Anne Sexton's Cinderella Essay

952 words - 4 pages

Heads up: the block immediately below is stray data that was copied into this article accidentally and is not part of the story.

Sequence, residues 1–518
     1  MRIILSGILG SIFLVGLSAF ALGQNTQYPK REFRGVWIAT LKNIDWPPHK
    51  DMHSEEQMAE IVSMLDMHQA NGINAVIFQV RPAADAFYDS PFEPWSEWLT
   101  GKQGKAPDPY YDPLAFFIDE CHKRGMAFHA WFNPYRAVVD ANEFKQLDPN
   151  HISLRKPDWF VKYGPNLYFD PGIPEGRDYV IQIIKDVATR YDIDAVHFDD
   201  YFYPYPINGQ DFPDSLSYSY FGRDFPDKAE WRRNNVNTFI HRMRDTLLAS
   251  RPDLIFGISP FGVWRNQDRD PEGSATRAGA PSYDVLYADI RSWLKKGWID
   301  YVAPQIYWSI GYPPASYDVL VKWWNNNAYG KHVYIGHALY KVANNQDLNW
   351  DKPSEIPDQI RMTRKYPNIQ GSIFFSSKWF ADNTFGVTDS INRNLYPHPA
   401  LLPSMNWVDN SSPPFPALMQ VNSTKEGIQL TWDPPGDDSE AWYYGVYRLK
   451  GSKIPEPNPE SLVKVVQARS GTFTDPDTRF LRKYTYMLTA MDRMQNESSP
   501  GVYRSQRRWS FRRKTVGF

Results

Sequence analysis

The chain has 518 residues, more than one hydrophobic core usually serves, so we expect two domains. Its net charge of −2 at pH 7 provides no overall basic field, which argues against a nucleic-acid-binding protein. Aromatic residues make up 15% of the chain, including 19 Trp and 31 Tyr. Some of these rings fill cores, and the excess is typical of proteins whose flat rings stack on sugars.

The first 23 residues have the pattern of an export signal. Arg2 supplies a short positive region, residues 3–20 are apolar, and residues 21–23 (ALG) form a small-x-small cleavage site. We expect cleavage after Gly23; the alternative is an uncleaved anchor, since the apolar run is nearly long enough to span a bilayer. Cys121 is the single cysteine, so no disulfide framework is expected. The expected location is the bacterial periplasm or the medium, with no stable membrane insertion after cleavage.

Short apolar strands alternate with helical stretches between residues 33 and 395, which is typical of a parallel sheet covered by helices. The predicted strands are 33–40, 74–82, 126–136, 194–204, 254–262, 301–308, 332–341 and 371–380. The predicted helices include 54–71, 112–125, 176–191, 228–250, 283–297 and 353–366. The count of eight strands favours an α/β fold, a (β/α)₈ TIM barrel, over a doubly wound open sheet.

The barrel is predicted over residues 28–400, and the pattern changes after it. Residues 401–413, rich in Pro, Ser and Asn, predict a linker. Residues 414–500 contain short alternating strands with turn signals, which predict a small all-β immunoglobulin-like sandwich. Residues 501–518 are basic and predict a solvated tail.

With many variations of fantasies, "Happily ever after" is reoccurring in every fairy tale. "Cinderella" by Anne Sexton is a different variation of the classic tale. The author sets up her version of Cinderella with four anecdotes sharing how others can go from poverty to riches or gritty reality to fantasy. Sexton changes her happily ever after ending by satirizing the message the story gives. By doing so, Sexton would like the reader to know the difference between a fairy tale and reality. Anne Sexton deconstructs the ending of her retold fairy tale by using sarcasm to change the reader's expectations of the story and myth.Setting up the poem with little anecdotes of unexpected reality, Sexton's sarcastic tone foreshadows the outcome of the poem. In the first anecdote, Sexton writes, "You always read about it: the plumber with twelve children who wins the Irish sweepstakes. From toilets to riches. That story" (S1). Sexton uses a sarcastic tone by implying the situational irony in each story. The reader may find it hard to believe the story because each anecdote is so far fetched. The fantasy is brought back into gritty reality, however, the luck the man has to be in a poverty stricken situation to win the Irish sweepstakes. Sexton brings fantasy into the fairy tale so the readers can pick up on it and relate the new fantasy with Cinderella's tale. Sexton implies that the happily ever after story happens by pure chance and luck, not experienced by everyone.Sexton's uses sarcasm in the refrain to influence the reader's predictions of the fairy tale by using the previous knowledge of the story Cinderella. "That Story" (L 5,10,21,109) is used as the refrain in the poem. "That story" is a clue for the reader to rethink the previous told stories of Cinderella and other fairy tales that go along the same lines of living happily ever after. The reader can sense the ridicule that sexton portrays in the refrain because she is simple and to the point. The anecdotes are radically drastic and Sexton refers to them as "That story" implying the repetition of the heard fairy tales. Sexton uses the refrain to influence the reader's predictions of Cinderella with referring themselves back to "that story".Sexton uses ironic imagery through her sarcasm in the poem to change the reader's viewpoint of the classic story. Sexton explains Cinderella appearance as, "She slept on the sooty hearth each night and walked around looking like Al Jolson" (L32-33). In the twenties and thirties, Al Jolson was a white singer who dressed up as a black man because he thought he would have a funnier act that way. Sexton makes reference to Al Jolson and Cinderella being artificially black. However, in Cinderella's case the grease and soot were not her choice. This may be funny to the reader...

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